September 18 - Nuptse is taking care of us
Today is the 18th of September and I have several things to report to you about and describe from Everest Base Camp.
One thing is that yesterday morning Maegan and Grant Meekins left Base Camp for Lobuche peak. We have a permit for Lobuche peak. Some of you will remember that we climbed Lobuche peak, which is 20,029 feet or 6,105 m, before we climbed Ama Dablam last year as preparation and acclimatization for the Ama Dablam climb with Berg Adventures. Garry Porter and David Burger, who are part of this team, were both on that climb.
We’ve intended all along to use Lobuche peak for acclimatization and as a playground of sorts for this team. In particular, Maegan has said since the beginning that she wanted to get her feet under herself and ski something before she went up on Everest. So Grant and Maegan headed down to Lobuche yesterday.
This morning, I had a radio call with Grant and he described waking up very early, climbing up the ridge above their tent and getting a beautiful view of their route. By 6:30 am, however, the clouds had closed in and they were getting ready to brew up and have breakfast, not expecting to see much more of the route today. Grant, as many of you know, is a guide from Canmore who is working with us at Base Camp and in the Khumbu this season.
And speaking of Grant and Canmore, I just got word that Mrs. Phillips Reid’s third grade class from the Exshaw School is watching us on the Internet. And I’m really happy to know that back home in the Bow Valley Mrs. Phillips Reid’s class is watching and also I hope they are learning a lot about Everest and the history of this region, especially this 50th Anniversary year 50 years after Sir Edmund Hillary and Tenzing Norgay first climbed Everest.
Speaking of the history of Everest, there’s one character I should mention. I bet some of the people following these dispatches have been wondering who is doing the Icefall. Well, the SPCC the Sagarmatha Pollution Control Committee is once again this year doing the Icefall. If you don’t know about the SPCC, you should. They are a non-government organization, a non-profit organization with Nepalese administration, and they are responsible for cleaning up Everest. Your “environmental” or your “clean-up” expeditions that are trying to raise money to come over here to Nepal to “clean up” Everest for the Nepalese never tell you about the SPCC. But they have in fact been doing a very effective job of controlling the trash at Everest Base Camp and the environmental situation. A few years back, they took over the administration of the Icefall route.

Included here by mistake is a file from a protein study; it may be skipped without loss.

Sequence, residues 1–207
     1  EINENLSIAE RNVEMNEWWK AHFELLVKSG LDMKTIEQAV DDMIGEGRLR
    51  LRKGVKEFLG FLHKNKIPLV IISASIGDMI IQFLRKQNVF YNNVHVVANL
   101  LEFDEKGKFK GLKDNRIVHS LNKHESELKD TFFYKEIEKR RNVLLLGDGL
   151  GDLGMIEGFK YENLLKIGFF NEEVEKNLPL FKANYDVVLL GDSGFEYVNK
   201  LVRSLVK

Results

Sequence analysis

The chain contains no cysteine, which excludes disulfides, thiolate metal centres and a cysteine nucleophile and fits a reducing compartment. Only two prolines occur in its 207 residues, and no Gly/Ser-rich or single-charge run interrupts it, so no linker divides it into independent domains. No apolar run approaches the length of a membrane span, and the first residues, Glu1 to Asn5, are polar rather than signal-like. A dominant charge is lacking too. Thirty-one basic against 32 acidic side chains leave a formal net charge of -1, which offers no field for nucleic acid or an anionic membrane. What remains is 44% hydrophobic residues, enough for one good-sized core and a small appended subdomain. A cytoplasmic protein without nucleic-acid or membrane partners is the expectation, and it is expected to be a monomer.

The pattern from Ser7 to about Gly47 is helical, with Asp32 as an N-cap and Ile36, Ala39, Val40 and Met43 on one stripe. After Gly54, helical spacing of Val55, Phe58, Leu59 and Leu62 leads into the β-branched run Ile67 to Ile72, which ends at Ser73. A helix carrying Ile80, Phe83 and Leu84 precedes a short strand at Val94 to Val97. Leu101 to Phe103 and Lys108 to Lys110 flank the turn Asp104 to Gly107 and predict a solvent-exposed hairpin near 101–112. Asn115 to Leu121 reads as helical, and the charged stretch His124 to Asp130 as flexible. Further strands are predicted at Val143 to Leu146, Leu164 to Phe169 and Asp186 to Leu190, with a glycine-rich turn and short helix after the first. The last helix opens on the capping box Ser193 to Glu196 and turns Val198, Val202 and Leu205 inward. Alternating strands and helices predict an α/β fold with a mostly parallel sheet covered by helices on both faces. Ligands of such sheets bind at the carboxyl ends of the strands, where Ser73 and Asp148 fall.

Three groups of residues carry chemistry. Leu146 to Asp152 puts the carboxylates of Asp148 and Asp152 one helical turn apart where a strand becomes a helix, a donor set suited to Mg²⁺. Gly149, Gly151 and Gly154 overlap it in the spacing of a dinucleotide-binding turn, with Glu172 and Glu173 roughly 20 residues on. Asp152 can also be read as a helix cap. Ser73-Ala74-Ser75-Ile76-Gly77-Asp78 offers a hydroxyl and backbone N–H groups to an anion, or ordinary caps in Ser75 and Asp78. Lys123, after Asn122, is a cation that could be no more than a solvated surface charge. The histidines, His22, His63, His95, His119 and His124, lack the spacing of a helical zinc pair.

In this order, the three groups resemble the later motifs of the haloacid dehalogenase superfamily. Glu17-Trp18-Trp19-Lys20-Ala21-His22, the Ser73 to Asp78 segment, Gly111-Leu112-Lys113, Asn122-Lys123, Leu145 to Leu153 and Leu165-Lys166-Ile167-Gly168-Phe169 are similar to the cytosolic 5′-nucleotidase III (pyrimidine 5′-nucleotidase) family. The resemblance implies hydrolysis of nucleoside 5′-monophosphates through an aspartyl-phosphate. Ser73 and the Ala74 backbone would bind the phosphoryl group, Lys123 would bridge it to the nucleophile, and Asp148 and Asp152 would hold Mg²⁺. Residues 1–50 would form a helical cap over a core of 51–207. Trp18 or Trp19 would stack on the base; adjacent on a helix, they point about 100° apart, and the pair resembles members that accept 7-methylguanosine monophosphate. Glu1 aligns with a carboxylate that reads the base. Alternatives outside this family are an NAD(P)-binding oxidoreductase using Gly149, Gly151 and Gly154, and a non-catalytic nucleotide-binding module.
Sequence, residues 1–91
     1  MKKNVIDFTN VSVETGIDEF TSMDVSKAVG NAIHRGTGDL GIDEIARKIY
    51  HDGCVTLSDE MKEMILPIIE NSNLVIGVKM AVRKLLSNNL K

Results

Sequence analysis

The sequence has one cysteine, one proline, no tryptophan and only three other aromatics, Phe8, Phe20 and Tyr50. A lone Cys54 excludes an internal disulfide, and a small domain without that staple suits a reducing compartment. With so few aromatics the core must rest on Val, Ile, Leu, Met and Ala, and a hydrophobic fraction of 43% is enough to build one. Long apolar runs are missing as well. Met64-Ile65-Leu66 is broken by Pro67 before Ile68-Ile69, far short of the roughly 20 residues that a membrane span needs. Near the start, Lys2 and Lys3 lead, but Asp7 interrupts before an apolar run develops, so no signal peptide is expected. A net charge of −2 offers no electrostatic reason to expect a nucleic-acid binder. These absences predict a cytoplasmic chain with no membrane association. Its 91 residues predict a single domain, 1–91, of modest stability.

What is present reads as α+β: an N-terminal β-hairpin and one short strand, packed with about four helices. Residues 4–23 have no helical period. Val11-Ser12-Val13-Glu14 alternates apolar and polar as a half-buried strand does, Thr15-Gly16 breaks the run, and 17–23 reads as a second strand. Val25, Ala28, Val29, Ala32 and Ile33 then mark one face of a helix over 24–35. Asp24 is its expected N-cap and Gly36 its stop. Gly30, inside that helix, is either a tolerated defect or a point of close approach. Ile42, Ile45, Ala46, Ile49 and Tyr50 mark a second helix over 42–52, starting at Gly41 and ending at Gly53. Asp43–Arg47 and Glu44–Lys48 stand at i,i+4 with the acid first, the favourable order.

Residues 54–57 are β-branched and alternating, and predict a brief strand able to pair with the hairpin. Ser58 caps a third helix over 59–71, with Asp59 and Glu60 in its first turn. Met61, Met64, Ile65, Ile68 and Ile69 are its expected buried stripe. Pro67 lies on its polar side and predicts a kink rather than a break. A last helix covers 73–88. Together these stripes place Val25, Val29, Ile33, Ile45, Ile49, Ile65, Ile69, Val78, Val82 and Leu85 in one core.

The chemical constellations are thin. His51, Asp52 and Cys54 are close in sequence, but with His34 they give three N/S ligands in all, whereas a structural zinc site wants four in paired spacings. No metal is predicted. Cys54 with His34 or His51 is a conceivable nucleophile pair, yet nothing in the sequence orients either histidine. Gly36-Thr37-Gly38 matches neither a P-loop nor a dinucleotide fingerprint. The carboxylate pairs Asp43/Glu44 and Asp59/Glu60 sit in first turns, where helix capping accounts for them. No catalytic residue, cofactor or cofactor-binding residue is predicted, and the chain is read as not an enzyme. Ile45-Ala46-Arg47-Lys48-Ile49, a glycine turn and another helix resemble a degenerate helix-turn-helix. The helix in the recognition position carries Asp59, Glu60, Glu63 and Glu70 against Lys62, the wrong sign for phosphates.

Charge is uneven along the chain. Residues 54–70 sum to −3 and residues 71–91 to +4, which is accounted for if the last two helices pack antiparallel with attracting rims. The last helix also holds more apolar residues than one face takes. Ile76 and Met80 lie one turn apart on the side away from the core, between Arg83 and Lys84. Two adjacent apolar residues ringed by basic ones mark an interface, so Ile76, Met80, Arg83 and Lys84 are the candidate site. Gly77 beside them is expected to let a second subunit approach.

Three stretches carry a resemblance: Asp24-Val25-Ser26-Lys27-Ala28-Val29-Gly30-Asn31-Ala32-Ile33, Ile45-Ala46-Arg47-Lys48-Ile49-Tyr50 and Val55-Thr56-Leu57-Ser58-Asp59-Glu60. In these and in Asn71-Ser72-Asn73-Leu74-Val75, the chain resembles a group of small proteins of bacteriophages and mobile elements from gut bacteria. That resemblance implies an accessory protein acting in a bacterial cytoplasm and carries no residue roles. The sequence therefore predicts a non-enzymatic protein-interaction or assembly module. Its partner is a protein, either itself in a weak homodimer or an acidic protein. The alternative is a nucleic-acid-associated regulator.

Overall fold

Going way back, years before that, I remember in 1989 when I was first here, there was always some Sherpa who had taken primary responsibility for the Icefall and in those days, it was a guy named Lakpa Galu from Namche. I remember calling him “Dr. Icefall” in 1989. The tradition has continued there have been a few Icefall Doctors since that time.
Ang Nima from Dingpoche, who’ve I’ve known since 1989 before he was the Icefall Doctor, has taken this position over in recent years. He and three other Sherpas have been up there four days in a row advancing the route. They’re taking a rest day today. I went over and had tea with Ang Nima, and enjoyed visiting and catching up with him. These guys are doing a great job. I sat and talked with him, with his sun-crusted face, as they relaxed and drank tea this morning. And once again, they are doing a great job of the Icefall.
The SPCC, I mentioned, has been doing a very effective job, despite what some teams trying to raise money to come to Everest will tell you, about keeping Everest clear. I decided to send back some trash.
I also decided to send back a photograph today of a very huge piece of trash that’ll eventually have to be removed. Many of you may remember that late last May, one of the Russian helicopters crashed at Everest Base Camp. And that big hulk is still sitting out on the glacier just below Base Camp. Rather unsightly but also it’s a good reminder that helicopters and these elevations are not a particularly good mix. And if we need a helicopter, I think we’re going to head down to Gorak Shep and wait for one there.
Life is really good here at Base Camp. We miss Maegan and Grant, but they’ll be back in a day or so. Myself, and Garry, David and Brad are enjoying continuing to get settled in. We keep talking about how we’re going stir-crazy and we ought to go for a hike, but we find taking showers and getting organized at Base Camp kind of makes each day pass.
We’ve got one great friend here at Base Camp, a lovely little Tibetan-type dog that followed us into Base Camp. We named her Nuptse and it’s become clear that she is part of the team here. I think Nuptse will be with us for the duration of this expedition.